What she does to meet this challenge is to add dimensions to a binary property space which previously consisted of a group committing murder and a group being murdered. Focusing on the former, she notes that (1) not everyone in that group does actually participate, (2) some of those who did (or did not) participate eventual cease (or begin) participating, (3) some of those who did not participate not only desisted but also actively saved members of the outgroup. Taking this together, we arrive at a property space that can be presented by the spanning tree shown above. Luft then outlines four mechanisms that explain “behavioral boundary crossing.”
In this case, previous expert categories lead to an insufficient explanation for the perpetration of genocide, and elaboration proved necessary. Attempting to create classical categories — with rules for inclusion and exclusion and the presumption of mutual exclusivity in which all members are equally representative — is likely a necessary step in the theorizing process. Much of the work of developing theory, however, is not just showing that these categories are insufficient (because, of course, they are), but rather pointing out where this slippage is leading to problems in our explanations, and how they can be mended, as Aliza does.
The Scholastic Fallacy
Treating data or theory as if they can be cleanly divided into crisp sets is like the saying “all models are wrong, but some models are useful.” But taking for granted these distinctions can also lead analysts to commit the “scholastic fallacy.”
This is when the researcher “project[s] his theoretical thinking into the heads of acting agents…” (Bourdieu 2000, page 51). This, according to Bourdieu, was a key folly of structuralism: “[Levi-Strauss] built formal systems that, though they account for practices, in no way provide the raison d’etre of practices” (Bourdieu 2000, page 384). This seems especially obvious for categories, as discussed in my previous two posts. It is one thing to say people can be divided into X group and Y group for Z reasons, and it is another to say people do divide other people in X group and Y group for Z reasons (see Martin 2001, or more generally Martin 2011)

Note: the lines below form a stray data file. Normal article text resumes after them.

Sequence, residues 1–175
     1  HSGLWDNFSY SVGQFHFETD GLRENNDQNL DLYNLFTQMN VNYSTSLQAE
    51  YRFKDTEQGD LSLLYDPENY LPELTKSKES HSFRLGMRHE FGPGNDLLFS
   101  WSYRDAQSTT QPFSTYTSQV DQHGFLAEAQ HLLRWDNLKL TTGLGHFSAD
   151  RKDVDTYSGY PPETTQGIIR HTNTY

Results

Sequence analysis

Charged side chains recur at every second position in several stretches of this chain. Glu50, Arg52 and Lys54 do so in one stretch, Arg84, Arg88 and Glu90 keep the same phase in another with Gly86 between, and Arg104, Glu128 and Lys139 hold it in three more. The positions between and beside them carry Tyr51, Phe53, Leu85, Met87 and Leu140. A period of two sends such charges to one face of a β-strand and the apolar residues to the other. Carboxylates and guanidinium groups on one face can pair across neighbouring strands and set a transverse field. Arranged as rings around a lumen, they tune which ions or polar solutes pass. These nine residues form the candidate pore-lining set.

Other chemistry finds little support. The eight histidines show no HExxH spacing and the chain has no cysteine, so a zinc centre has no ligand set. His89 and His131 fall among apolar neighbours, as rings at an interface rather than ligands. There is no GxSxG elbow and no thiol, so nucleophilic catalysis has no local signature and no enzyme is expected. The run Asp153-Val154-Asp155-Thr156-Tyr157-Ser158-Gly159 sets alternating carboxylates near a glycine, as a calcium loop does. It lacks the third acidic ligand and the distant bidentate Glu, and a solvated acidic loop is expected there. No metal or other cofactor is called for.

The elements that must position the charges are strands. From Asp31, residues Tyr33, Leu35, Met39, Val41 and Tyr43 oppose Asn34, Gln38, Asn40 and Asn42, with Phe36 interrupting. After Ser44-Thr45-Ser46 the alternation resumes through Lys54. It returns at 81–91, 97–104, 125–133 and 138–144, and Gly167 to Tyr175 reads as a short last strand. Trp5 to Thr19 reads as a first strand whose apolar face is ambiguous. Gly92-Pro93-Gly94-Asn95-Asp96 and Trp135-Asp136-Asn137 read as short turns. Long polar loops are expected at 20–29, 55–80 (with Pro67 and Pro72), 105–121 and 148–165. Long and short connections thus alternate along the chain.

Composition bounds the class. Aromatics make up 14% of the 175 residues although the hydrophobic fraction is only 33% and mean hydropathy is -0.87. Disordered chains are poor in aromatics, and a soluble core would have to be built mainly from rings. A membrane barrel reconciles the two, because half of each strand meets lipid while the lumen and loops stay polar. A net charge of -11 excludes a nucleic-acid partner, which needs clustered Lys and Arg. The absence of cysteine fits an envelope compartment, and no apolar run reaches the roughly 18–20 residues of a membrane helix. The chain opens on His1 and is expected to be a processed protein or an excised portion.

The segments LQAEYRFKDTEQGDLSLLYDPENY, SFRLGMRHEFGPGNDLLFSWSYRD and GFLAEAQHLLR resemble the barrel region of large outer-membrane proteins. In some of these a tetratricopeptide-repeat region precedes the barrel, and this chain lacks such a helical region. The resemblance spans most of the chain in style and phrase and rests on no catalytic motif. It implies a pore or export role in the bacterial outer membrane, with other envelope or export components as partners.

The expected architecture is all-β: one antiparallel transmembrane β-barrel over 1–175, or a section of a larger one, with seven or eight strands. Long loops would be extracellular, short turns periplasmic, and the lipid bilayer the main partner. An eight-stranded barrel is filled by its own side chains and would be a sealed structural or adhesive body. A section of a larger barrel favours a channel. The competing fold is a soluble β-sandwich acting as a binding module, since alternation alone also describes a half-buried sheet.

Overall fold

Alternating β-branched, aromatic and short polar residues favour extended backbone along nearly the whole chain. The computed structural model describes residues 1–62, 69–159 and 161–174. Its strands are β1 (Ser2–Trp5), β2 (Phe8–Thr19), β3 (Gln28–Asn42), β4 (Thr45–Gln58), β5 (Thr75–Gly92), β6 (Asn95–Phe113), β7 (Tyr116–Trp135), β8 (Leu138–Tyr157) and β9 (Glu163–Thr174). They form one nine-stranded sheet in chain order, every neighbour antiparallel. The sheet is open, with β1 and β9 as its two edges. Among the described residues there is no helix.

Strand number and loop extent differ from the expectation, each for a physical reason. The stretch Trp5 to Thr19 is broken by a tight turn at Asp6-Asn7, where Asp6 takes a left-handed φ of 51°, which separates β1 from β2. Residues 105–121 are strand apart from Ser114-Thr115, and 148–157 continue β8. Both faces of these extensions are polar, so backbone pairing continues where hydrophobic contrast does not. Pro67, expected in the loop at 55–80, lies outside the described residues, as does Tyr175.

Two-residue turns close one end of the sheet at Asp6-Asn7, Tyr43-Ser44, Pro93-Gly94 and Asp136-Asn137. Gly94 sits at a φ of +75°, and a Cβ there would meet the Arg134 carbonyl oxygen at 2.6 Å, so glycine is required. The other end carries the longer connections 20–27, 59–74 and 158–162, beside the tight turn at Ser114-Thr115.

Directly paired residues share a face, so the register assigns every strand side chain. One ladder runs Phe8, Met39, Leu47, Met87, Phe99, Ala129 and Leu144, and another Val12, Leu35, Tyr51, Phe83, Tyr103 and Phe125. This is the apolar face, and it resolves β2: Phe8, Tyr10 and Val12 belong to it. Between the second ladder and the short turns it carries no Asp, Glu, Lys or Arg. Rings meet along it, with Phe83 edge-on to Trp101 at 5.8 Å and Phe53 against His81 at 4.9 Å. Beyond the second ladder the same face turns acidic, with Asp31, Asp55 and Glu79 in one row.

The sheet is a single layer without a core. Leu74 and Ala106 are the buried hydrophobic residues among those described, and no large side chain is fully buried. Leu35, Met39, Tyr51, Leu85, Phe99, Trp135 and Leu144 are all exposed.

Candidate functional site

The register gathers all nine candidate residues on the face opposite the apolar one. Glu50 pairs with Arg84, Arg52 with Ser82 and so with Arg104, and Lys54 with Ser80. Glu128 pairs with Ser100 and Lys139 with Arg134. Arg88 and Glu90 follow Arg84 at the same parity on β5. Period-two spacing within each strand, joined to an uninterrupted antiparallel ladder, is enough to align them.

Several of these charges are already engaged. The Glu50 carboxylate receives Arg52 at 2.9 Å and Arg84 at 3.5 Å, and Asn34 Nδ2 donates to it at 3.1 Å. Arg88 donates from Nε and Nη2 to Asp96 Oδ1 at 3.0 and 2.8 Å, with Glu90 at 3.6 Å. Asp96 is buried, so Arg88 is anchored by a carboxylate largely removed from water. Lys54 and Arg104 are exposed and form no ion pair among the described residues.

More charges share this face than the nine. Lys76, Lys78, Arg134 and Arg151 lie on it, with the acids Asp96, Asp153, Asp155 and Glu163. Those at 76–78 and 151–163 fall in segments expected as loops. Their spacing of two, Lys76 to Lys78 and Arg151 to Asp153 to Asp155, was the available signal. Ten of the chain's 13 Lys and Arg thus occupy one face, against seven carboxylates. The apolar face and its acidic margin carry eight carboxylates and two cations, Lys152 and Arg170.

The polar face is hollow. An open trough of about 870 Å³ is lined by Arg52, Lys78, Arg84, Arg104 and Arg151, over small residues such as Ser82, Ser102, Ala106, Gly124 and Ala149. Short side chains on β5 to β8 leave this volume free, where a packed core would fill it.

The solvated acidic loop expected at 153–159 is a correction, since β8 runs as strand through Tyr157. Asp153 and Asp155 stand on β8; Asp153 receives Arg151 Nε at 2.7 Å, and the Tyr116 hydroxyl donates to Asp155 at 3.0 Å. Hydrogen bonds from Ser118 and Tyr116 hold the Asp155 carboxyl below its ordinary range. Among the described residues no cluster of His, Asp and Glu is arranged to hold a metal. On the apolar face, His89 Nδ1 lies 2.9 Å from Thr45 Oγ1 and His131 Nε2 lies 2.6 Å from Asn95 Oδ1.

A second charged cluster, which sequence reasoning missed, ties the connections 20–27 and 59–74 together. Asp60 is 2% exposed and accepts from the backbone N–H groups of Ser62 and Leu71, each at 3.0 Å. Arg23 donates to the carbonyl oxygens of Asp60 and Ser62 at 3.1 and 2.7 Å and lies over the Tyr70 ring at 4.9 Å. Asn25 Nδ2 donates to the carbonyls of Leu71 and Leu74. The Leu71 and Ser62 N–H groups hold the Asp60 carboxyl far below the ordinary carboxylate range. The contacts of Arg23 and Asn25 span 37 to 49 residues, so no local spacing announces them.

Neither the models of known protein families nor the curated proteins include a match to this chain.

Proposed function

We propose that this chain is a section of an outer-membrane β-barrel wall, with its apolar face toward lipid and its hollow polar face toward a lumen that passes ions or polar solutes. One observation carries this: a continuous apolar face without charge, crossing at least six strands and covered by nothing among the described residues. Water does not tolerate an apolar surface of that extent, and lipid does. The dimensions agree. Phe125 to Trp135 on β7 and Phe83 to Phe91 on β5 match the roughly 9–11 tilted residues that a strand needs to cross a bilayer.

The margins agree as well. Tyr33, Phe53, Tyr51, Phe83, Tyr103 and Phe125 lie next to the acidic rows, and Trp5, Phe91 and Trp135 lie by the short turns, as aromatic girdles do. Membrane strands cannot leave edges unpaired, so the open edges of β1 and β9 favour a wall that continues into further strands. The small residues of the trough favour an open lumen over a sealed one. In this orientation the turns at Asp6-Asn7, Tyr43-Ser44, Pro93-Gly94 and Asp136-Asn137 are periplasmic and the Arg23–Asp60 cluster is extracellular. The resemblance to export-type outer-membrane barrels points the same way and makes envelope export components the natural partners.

Categorizing for the “acting agent” is not a matter of first learning rules and then applying them to demarcate the world into mutually exclusive clusters. It is, for the most part, a matter of simply “knowing it when I see it” — a skill of identifying and grouping that we have built up through the accrued experience of redundant patterns encountered in mundane practices. Generally, rules, if they are used, are produced in post hoc justifications of our intuitive judgment about group memberships. It is here, however, where expert discourse is likely to play the largest role in lay categorizing: as a means to justify what we already believe to be the case.
This is not to say “non-experts” cannot or do not engage in this kind of theoretical thinking about categories. But, again Bourdieu points out, most people do not have the “leisure (or the desire) to withdraw from [the world]” so as to think about it in this way (Bourdieu 2000, page 51). More importantly, relying on expert categories for most of the tasks in our everyday lives would not be very useful because categorizing is foremost about reducing the cognitive demands of engaging with an always particular and continuously evolving reality.
Barton, Allen H. 1955. “The Concept of Property-Space in Social Research.” The Language of Social Research 40–53.
Becker, Howard S. 2008. Tricks of the Trade: How to Think about Your Research While You’re Doing It. University of Chicago Press.
Bourdieu, P. 2000. Pascalian Meditations. Stanford University Press.
Choike, James R. 1980. “The Pentagram and the Discovery of an Irrational Number.” The Two-Year College Mathematics Journal 11(5):312–16.
Karlsson, Jan Ch and Ann Bergman. 2016. Methods for Social Theory: Analytical Tools for Theorizing and Writing. Routledge.
Klein, Jacob. 1992. Greek Mathematical Thought and the Origin of Algebra. Courier Corporation.
Lazarsfeld, Paul F. 1937. “Some Remarks on the Typological Procedures in Social Research.” Zeitschrift Für Sozialforschung 6(1):119–39.
Luft, Aliza. 2015. “Toward a Dynamic Theory of Action at the Micro Level of Genocide: Killing, Desistance, and Saving in 1994 Rwanda.” Sociological Theory 33(2):148–72.
Martin, John Levi. 2001. “On the Limits of Sociological Theory.” Philosophy of the Social Sciences 31(2):187–223.
Martin, John Levi. 2011. The Explanation of Social Action. Oxford University Press, USA.
Portes, A. and J. Sensenbrenner. 1993. “Embeddedness and Immigration: Notes on the Social Determinants of Economic Action.” The American Journal of Sociology.
Ragin, Charles C. 2000. Fuzzy-Set Social Science. University of Chicago Press.